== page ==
The routine activity theory is another theory that provides a theoretical background for the crime script, in which the routine activity theory also provides a framework for analysing the dynamics of individual crime events and recognising intervention points for situational crime prevention (Felson, 2017). The routine activities approach is a theory initially suggested Lawrence Cohen and Marcus Felson. Felson and Cohen hypothesize that crimes happen when three variables are present, which include a target, the absence of a capable guardian and a motivated offender. Thus, the presence of the specific components allows a potential offender to rationalize committing a crime. The routine activity approach suggests that crime is caused through the convergence of these three elements and ultimately the approach examines the how the spatial-temporal organisation of activities allows the translation of criminal tendencies into action (Wikström, 2009). The routine activity approach can be beneficial in regards to crime script analysis of lone actor terrorism as through sequentially deconstructing the events leading up to the crime, a greater sense of what is needed to manage, control and alter the situations and contexts the offender is in. It is suggested that disrupting either one of the three elements will deter the crime. Thus the routine activity approach can assist in predicting, understanding and preventing acts of lone terrorism (Gill, 2012).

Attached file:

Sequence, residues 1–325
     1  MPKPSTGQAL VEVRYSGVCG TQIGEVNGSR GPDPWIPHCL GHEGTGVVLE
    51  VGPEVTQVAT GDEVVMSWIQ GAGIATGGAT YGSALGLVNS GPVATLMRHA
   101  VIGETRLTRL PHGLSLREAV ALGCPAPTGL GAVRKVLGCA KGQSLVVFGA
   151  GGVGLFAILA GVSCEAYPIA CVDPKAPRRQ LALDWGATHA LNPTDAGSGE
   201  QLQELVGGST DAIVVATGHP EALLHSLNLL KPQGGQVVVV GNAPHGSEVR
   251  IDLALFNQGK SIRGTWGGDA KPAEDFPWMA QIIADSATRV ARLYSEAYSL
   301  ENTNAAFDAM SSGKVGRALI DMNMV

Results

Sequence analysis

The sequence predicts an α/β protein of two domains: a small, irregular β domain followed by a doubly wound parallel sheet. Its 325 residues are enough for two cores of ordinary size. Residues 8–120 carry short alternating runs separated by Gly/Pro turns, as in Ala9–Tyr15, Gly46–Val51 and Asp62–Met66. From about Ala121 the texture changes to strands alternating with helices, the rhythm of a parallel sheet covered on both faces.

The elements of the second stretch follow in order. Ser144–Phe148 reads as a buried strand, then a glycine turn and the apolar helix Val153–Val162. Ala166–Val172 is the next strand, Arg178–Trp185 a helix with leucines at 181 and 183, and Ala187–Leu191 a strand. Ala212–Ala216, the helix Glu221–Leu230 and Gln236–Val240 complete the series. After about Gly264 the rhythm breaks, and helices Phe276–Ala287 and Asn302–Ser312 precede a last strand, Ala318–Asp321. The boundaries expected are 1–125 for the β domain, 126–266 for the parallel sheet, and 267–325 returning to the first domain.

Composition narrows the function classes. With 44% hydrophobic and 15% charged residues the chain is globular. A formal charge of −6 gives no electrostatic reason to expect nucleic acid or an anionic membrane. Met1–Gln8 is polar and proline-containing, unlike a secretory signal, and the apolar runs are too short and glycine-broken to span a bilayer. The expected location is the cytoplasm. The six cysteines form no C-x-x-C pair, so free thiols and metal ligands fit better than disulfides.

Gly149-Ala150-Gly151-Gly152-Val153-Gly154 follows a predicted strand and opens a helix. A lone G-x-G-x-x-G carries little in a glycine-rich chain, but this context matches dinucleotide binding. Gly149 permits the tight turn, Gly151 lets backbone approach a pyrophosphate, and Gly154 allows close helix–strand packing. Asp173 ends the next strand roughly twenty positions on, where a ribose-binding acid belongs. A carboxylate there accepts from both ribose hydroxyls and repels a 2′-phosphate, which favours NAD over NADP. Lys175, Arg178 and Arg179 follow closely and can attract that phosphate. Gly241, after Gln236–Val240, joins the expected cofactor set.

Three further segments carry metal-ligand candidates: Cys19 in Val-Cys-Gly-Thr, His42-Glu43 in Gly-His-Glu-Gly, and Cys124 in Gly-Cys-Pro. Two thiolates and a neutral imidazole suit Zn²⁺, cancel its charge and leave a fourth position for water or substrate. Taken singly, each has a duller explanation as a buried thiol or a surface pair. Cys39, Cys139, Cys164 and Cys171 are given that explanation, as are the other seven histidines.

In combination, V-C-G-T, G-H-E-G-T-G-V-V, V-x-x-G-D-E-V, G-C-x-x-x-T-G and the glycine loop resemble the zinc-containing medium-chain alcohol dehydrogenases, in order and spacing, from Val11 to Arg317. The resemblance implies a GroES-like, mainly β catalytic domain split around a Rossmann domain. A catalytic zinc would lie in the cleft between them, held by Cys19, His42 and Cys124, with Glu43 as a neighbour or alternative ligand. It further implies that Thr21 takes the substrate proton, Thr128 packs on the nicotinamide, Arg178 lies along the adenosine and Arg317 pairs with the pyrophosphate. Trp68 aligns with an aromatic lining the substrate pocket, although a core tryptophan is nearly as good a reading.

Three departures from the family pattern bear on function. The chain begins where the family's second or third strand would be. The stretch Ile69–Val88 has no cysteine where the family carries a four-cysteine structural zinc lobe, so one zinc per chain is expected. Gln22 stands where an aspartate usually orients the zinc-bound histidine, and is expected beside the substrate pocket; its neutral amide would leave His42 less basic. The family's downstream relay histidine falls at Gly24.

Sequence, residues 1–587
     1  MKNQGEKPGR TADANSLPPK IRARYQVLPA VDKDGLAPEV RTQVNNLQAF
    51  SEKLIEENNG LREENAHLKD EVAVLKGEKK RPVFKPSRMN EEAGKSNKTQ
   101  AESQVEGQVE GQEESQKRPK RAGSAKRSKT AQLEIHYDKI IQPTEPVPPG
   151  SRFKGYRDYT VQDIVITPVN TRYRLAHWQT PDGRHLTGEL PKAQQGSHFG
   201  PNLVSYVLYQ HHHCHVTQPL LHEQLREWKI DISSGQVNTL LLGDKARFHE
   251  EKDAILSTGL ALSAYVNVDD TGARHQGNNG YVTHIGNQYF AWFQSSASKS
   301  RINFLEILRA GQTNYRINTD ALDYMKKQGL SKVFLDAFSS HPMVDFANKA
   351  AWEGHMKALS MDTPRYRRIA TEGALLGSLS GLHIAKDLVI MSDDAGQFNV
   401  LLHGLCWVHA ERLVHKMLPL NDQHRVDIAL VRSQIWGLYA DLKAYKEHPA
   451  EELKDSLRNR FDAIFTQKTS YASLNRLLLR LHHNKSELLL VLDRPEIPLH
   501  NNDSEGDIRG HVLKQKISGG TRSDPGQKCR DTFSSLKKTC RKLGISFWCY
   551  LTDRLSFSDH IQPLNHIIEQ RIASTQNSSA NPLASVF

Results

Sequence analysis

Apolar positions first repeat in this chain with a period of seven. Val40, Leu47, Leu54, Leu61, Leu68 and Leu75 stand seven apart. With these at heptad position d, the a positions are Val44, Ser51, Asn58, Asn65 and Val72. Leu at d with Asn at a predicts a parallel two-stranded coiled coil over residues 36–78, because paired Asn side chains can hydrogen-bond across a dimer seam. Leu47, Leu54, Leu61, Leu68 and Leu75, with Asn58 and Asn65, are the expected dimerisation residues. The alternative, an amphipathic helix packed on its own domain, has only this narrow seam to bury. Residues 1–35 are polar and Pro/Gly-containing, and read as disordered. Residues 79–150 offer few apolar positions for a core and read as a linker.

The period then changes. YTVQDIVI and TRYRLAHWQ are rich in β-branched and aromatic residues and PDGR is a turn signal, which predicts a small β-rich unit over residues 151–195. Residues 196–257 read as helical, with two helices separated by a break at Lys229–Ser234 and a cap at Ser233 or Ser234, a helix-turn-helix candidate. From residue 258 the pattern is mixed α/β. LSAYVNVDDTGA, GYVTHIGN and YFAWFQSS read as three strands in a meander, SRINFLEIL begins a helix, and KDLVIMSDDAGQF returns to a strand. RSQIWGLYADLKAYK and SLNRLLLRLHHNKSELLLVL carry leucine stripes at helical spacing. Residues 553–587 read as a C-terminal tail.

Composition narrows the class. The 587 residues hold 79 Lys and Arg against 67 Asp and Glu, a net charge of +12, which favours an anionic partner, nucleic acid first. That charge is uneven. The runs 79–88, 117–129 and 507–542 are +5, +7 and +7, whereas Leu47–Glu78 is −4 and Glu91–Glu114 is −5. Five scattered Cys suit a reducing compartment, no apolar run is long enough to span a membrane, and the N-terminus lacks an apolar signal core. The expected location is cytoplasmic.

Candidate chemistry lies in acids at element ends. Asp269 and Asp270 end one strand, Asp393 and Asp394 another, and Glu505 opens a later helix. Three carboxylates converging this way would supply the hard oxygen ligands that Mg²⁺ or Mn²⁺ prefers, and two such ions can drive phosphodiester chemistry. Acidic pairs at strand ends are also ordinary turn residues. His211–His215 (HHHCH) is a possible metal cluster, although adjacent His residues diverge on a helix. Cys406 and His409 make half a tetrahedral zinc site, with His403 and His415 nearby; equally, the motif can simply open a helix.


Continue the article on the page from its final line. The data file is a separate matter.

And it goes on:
Crime pattern theory, which is closely related to rational choice theory and routine activity theory, is another theoretical approach, which assists in crime script analysis and ultimately the implementation of intervention techniques. This theory is based on the notion proposed by the Brantingham’s, which is there is a strong relation of the geographic resonation of an individual and the thought process of committing a crime (Bratingham & Bratingham, 2017). Ultimately movement from one place to another creates awareness space, a cognitive map, in which places and pathways will become of familiarity. These places and pathways, or nodes, become embedded in an offender’s cognitive map, in which suitable targets will be victimised in the offenders awareness space. In relation to crime script analysis, the crime pattern theory provides insight into how offenders and victims encounter each other through each other’s pathways and nodes, thus taking into account rational choice and routine activity theory, a criminal opportunity is present (Wortley & Tilley, 2018).